5 belief that microorganisms cause disease, gained traction in the mid19th century, Melton found evidence of community-level efforts to fight life-threatening infectious diseases. In the 1840s, an image of a “pest house” illustrates early quarantine efforts. “Monterey attracted people with education, information, training, and sophistication,” said Melton. From this innovative environment, the work of the MCHD would evolve to handle waves of threats to community wellbeing. The 20th century brought an explosion in diversity to Monterey County, with the first significant recruitment of immigrant labor emerging in the 1920s. By 1924, Salinas became the wealthiest city per capita in the United States, per the Monterey County Historical Society. Advances like “ice-bunkered railroad cars” sparked a switch to nationwide shipments of lettuce and artichokes instead of the valley’s previously-prized sugar beet crop; the region was becoming The Salad Bowl of the World. By 1930, the population of Salinas ballooned to 10,263 and Dust Bowl migrants joined the expanding and increasingly diverse immigrant farmworker labor force. According to the Salinas Public Library, this concern about an influx of migrant workers grouped into labor camps motivated community-level efforts to control infectious disease. Melton described nurses as the primary influencers of public health in the MCHD’s earliest work. Their efforts reached into the forgotten 1923 One part-time doctor, one part-time nurse, and $5,000 establishes the County of Monterey Health Department (First) the health department primarily did things for people. Then we did things to people. Now we do things with people. – Dr. Robert Melton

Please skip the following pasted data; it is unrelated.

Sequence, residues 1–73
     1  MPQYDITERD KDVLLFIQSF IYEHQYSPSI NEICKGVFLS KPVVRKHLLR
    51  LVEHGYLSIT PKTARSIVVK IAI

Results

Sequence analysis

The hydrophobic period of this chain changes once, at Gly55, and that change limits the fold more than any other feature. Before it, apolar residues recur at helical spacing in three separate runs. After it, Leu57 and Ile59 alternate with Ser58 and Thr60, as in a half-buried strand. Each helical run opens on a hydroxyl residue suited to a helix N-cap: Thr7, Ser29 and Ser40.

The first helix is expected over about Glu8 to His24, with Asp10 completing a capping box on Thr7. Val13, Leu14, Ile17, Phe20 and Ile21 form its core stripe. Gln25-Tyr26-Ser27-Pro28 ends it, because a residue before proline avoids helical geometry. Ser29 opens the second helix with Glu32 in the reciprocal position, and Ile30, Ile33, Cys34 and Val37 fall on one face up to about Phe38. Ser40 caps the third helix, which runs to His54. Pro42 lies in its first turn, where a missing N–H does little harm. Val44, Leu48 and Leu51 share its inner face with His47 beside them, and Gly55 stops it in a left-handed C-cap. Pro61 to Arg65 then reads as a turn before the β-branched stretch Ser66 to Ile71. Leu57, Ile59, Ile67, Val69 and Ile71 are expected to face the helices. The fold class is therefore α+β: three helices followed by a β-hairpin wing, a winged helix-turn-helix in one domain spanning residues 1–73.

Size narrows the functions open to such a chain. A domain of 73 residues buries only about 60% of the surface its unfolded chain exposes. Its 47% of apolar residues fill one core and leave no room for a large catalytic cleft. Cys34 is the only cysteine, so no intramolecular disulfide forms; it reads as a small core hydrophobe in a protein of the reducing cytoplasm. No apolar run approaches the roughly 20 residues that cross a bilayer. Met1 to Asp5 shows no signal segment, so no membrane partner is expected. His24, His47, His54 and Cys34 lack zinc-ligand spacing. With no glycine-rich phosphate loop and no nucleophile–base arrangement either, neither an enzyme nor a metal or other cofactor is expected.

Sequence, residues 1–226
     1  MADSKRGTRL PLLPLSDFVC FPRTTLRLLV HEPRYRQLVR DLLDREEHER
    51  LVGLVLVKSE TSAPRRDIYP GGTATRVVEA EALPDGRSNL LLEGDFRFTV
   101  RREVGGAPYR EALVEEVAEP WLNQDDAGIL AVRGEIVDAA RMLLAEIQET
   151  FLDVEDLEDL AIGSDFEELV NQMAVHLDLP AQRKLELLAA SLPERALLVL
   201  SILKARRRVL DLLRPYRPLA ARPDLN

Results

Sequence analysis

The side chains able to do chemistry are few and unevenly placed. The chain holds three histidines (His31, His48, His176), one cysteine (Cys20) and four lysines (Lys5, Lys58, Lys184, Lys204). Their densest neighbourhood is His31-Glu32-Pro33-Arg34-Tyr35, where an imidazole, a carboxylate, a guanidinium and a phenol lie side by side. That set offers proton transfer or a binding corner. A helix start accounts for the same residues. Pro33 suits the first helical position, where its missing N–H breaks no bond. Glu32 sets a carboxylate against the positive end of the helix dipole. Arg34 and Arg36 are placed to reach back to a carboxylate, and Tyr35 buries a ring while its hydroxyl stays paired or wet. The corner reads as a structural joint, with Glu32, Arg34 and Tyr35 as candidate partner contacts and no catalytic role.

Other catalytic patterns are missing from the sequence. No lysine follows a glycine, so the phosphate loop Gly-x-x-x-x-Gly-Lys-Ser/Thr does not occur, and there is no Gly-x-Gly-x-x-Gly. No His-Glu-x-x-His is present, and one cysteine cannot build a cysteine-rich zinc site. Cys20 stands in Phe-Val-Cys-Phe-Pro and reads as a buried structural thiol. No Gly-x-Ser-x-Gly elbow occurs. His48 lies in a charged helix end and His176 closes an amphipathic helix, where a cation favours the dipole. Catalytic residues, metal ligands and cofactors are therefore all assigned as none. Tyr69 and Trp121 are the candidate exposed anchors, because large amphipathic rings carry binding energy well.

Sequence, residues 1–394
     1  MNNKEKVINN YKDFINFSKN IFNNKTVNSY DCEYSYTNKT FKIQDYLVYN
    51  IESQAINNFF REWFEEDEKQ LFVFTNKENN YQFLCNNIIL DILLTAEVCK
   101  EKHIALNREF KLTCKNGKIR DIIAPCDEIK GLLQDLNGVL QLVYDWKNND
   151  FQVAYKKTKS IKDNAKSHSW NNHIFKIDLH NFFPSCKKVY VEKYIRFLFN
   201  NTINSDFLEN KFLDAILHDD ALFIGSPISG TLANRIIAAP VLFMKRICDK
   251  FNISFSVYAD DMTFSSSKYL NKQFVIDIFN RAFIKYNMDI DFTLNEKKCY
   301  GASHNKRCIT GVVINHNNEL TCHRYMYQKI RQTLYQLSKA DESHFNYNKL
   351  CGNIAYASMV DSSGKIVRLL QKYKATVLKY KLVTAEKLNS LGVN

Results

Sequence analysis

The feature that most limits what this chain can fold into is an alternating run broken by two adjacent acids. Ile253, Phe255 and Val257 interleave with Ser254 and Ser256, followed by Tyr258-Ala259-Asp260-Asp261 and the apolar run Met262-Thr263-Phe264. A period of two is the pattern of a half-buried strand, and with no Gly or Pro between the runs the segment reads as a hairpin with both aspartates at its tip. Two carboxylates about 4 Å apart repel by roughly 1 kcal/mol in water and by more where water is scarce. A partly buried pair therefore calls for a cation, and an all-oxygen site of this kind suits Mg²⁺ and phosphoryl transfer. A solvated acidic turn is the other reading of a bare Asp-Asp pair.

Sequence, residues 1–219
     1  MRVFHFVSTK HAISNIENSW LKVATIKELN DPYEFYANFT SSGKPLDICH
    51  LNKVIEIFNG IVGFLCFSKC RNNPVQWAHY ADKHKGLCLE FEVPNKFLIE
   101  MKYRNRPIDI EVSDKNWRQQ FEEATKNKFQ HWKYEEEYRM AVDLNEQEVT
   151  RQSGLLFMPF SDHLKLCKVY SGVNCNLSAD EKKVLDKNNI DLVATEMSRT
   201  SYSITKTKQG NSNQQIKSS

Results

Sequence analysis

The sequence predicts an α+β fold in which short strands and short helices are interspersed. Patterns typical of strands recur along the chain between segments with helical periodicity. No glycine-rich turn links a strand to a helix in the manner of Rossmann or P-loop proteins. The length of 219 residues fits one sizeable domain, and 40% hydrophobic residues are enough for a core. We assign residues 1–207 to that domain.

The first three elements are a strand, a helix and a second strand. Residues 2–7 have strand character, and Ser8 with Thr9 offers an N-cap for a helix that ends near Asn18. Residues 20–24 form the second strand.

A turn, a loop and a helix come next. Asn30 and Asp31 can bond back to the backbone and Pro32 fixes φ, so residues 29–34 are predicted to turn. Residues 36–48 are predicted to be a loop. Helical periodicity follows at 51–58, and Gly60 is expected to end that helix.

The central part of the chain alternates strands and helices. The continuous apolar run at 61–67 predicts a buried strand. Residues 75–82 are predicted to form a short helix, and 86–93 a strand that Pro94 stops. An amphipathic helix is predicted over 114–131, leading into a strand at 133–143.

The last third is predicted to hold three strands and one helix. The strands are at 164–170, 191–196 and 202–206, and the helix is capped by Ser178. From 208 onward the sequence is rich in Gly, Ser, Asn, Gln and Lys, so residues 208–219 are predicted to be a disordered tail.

6 corners, which Melton describes as “a big county of small communities.” “The 1920s really was a great era in public health nursing because they were doing things no one else was doing,” he said. “They were out in the field all the time.” Containing communicable disease remained the top priority for the MCHD from its earliest days through the 1950s. Before vaccines and antibiotics, threats from infectious disease made a short life expectancy an accepted fact of life. “Communicable diseases were the threat from the Spanish period all the way through the 1950s. They were everywhere and on everybody’s mind,” said Melton, who ranked the eradication of communicable diseases like polio, smallpox, and tuberculosis during this era as one of the best achievements of public health. Monterey County operated a robust public health lab throughout this communicable disease era, even investing big to retrofit the lab for safe testing of tuberculosis cultures. The lab has evolved considerably since, now completing water safety testing and risky evaluations of animals for traces of rabies. Monterey remains one of the few counties in California dedicated to maintaining a budget for their lab. Half of the state’s public health laboratory facilities have closed since 1980, according to Melton. “Public health labs have been rare since the 1950s,” said Smith. “Most are closed down because (counties) can’t afford to keep them open unless it’s a big city.” As infectious disease risk lowered with the introduction of coordinated vaccination campaigns and widespread antibiotics, the MCHD transitioned to a new purpose: educating Monterey County residents about the risks of long-term health concerns. Dr. Melton entered the MCHD in the early 1980s, but the department he inherited represented an organization largely operating like it was still the 1950s. It became clear the county’s needs had shifted from communicable disease to chronic disease, he said. In 1982 MCHD expanded the Health Promotion division and received significant grant funding and national recognition for its work on anti-tobacco campaigns and awareness around seatbelts and car seats. Even local celebrity Clint Eastwood got involved with the MCHD, starring in a commercial about Public Health Public Health provides an array of services that are as diverse as the communities we serve. – Dr. Edward Moreno 1930 1930 The National Institute of Health (NIH) begins 1930s Monterey County labor camps filled with a diverse immigrant farmworker labor force prompt community-level efforts to control infectious disease. Public health nurses provided on-the-ground care in the forgotten corners of Monterey County.